If your dream is too boring or mundane, fly up. Straight up. See what happens. Keep going. Or fly down, through the ground, into the center of the Earth. Hehehe Look in a mirror! Better yet, walk through a mirror or visualize someone you want to summon in the mirror and have them step through it into your dream. I love suggesting tasks that can have great surprises.

If you are in a building, maybe a large dark dusty mansion full of cobwebs, rooms, staircases, etc... renovate it. Take out the walls. Clean it up. Get some light in there. Generally such buildings represent your psyche. You don't want your psyche to be all dusty and dark and neglected. Fill it with light, make it spacious. explore the basement, explore the attic. I had eagles living in my attic. Evict squatters. hehe. No actually I would not evict the squatters, I would make them work for me. They are aspects of my body/mind and evicting them might have undesirable consequences.

I use mirrors as portals in my dreams. But you can use doors, caves, trees, ponds or lakes, stone circles, etc.. I have a feeling that using portals is how you enter into someone else's dreams or have them enter yours. I once could not think of who to summon so I just said "The person who will appear in the mirror will be who I secretly want to meet." It was Albert Einstein! He wouldn't believe that this was a dream. He believed it intellectually, but he thought he was real and was trying to work it out mathematically how the physics of the world worked. He was frustrated because his equations weren't making sense and all the numbers kept changing into other numbers and symbols and moving around. It was totally obvious to me. "Einstein! This is not a theory! This is actually a dream, literally! Look and see and realize!" That brings up an interesting point: "How can I realize that I am dreaming but still think that Einstein is more than a dream character?" This is a symptom of incomplete lucidity. Maybe stream entry lucidity or A&P lucidity (analogy of the stages of insight applied to the stages of lucidity).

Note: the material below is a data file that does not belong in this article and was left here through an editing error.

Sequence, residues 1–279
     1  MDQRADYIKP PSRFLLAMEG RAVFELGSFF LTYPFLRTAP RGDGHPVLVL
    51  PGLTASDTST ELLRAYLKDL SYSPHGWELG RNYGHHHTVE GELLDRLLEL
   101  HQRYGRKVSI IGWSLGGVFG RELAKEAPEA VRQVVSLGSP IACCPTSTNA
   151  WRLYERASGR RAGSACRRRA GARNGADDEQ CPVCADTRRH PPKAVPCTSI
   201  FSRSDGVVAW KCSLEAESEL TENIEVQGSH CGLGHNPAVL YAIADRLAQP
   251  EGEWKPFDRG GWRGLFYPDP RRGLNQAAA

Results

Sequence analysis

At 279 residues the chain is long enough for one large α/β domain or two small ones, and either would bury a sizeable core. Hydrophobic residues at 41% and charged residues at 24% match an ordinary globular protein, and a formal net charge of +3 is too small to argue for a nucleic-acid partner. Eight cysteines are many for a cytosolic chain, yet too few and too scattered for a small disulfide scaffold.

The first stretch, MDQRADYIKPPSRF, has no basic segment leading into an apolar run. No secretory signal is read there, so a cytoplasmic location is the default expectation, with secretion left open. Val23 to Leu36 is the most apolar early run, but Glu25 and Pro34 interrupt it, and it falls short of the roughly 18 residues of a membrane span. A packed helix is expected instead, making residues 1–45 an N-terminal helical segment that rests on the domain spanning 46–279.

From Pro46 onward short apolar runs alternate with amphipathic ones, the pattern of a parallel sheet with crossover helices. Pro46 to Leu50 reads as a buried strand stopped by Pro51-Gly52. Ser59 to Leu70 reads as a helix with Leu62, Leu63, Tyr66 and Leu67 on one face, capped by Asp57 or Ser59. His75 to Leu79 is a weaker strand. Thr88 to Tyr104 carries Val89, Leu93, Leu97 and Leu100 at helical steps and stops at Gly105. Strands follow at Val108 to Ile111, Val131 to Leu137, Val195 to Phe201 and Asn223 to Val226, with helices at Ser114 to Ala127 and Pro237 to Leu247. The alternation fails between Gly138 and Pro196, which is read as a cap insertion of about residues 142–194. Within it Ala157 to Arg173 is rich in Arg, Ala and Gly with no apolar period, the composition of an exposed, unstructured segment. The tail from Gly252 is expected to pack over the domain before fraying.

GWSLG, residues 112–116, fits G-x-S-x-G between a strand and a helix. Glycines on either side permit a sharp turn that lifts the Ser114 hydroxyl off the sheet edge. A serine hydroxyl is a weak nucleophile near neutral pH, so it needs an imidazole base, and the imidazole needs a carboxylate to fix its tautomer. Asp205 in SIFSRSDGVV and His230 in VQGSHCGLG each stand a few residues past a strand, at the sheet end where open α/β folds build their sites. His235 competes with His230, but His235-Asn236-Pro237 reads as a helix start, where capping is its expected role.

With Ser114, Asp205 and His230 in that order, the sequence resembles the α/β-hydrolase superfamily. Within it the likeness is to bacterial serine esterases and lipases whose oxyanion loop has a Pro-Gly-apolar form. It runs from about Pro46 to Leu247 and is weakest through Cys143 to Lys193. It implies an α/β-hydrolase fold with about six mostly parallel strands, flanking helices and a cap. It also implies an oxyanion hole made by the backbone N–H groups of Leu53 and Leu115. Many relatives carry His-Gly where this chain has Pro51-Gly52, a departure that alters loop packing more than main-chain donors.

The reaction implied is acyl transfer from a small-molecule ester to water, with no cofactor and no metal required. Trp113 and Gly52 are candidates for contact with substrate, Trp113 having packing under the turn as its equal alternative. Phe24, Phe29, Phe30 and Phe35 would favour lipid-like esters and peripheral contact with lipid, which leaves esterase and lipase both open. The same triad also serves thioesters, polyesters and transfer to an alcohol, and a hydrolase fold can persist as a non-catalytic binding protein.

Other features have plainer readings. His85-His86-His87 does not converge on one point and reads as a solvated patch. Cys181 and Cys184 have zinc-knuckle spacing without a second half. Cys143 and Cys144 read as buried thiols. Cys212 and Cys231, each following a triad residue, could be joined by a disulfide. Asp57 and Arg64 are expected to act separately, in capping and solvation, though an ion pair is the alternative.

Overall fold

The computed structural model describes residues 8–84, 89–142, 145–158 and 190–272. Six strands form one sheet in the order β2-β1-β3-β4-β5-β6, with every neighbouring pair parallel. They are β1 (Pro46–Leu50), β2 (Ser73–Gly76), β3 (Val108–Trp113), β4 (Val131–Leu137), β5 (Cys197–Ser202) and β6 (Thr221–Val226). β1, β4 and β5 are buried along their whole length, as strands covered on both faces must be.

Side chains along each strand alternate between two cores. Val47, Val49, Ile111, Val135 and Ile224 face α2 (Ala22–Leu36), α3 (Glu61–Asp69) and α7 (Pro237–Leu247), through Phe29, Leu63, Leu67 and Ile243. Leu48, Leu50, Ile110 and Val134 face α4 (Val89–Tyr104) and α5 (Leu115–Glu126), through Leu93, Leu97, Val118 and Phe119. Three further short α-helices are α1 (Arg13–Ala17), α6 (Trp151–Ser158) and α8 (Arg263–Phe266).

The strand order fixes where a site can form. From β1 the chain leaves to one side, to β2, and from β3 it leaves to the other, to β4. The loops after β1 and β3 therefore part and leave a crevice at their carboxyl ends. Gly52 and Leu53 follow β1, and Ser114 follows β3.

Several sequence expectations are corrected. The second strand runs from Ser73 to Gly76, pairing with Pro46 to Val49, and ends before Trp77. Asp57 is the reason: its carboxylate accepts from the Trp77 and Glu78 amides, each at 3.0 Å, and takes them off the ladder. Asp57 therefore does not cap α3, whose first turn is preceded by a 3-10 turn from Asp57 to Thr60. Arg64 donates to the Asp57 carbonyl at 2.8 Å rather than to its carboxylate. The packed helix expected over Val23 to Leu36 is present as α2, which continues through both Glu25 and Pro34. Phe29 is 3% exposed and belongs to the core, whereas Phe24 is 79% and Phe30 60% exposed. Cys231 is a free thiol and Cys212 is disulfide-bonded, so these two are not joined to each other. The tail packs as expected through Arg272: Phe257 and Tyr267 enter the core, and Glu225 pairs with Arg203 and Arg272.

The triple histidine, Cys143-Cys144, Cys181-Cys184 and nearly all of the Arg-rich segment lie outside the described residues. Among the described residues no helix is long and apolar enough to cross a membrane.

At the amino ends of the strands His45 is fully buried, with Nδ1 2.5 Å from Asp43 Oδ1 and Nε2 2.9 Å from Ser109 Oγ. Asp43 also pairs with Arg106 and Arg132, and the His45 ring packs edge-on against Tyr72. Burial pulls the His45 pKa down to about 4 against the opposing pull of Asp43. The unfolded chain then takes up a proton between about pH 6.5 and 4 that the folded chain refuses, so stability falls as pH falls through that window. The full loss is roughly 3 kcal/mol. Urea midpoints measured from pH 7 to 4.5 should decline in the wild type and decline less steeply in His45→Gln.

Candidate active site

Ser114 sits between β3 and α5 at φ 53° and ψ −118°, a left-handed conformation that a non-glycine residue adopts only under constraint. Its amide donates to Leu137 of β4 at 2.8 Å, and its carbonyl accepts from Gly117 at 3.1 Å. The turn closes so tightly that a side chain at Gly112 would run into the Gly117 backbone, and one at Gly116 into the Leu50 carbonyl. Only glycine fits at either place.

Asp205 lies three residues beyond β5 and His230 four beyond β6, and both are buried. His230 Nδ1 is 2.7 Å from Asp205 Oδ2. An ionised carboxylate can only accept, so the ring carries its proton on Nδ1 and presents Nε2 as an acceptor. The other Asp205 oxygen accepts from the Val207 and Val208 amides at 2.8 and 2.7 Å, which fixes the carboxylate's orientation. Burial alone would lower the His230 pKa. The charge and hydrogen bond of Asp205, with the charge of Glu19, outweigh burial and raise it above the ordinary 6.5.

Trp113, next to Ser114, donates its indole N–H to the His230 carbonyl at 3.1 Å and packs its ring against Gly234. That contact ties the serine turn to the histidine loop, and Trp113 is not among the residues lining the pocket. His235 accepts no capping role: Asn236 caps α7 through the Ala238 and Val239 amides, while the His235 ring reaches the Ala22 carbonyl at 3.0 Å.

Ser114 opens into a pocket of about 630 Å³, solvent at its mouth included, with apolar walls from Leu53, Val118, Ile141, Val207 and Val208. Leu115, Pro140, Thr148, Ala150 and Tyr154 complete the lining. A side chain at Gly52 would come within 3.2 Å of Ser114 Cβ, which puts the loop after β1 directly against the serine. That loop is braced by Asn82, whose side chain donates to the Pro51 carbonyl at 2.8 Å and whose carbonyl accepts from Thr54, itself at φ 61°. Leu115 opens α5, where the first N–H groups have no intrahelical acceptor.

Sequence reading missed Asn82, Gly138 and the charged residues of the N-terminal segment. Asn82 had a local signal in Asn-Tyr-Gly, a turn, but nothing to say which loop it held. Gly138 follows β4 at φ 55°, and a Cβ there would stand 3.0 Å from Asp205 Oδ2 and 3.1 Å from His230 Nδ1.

Dream characters say the darndest things. Just for fun, walk up to a random ghostly dream character that is just filler for your dream, walk up to him or her and ask him or her a question. Watch as they become more convincingly real. And they will answer you totally unexpectedly as if they have a mind of their own, but usually their answer is totally off the wall and funny. I woke myself up laughing at times.

Imagination is the limit, however, this being a dharma site, I have to encourage you to get your thrills out of your system then use dreams for meditation and insight. Woohoo! I am inspired.

Sorry for the essay but I am very passionate about dreaming. Hehehe
The Xzanth, modified 10 Years ago at 1/11/13 7:01 PM
Created 10 Years ago at 1/11/13 7:01 PM

RE: Lucid Dreaming

Posts: 71 Join Date: 12/28/12 Recent Posts
Thanks Dannon,

Dreaming to me is better than psychedelic drugs, free, always healthy and exhilarating, makes me look forward to going to bed at night. I even love nightmares. I suspect that as a culture we pay WAY too little attention to our dreams. The very fact that we dream at all is remarkable. If I ever have children I hope to pass on this personal passion of mine to them. My very first lucid dream (as a child) was quite a watershed moment in my life, perhaps I could say that it was my first spiritual experience; it changed me by showing me that there was an inner world (hell, an entire inner universe!)

Reading your post helps me realize why I got into those 'bored' lucid dreams. It was a side effect of the way I was trying to remain longer in the dream/astral state. (ho hum indeed) lol. Your writing also help me understand other avenues for exploration and introspection. Thank-you.

The day we invent a way of electronically recording our dreams is the day the movie industry passes away.

Flying and sex... that's the first thing the vast majority of us do in the astral. Sexuality there is very free and natural (I guess that's what it would be like if there were no consequences likes disease, pregnancy or attachments :-D)

I love that, going up to random dream characters and saying, "I'm dreaming dude! But I won't take away from your existence... you might be dreaming of me too!" I've had great conversations with those guys.

Man I can't wait to go to bed. lol.
Dannon F, modified 10 Years ago at 1/11/13 7:48 PM
Created 10 Years ago at 1/11/13 7:47 PM

RE: Lucid Dreaming

Posts: 40 Join Date: 1/6/13 Recent Posts
The sexuality in dreams is great, I agree. Have you seen that movie Waking Life? They portrayed it well when he was walking and a girl walked up to them and they both immediately and with choiceless awareness started kissing because they recognized the chemistry they had together.

Hahaha, I feel a little funny saying this, but I can make my penis any size I want to in my dreams. lol
Hermetically Sealed, modified 9 Years ago at 8/14/13 4:53 AM
Created 9 Years ago at 8/14/13 4:53 AM

RE: Lucid Dreaming

Posts: 113 Join Date: 6/27/13 Recent Posts

^ the stuff in here about visualizing the tibetan letter A before you go to sleep is certainly potent. I'm not saying that it produces a perfect lucid dream but it's certainly not a 'fake' technique.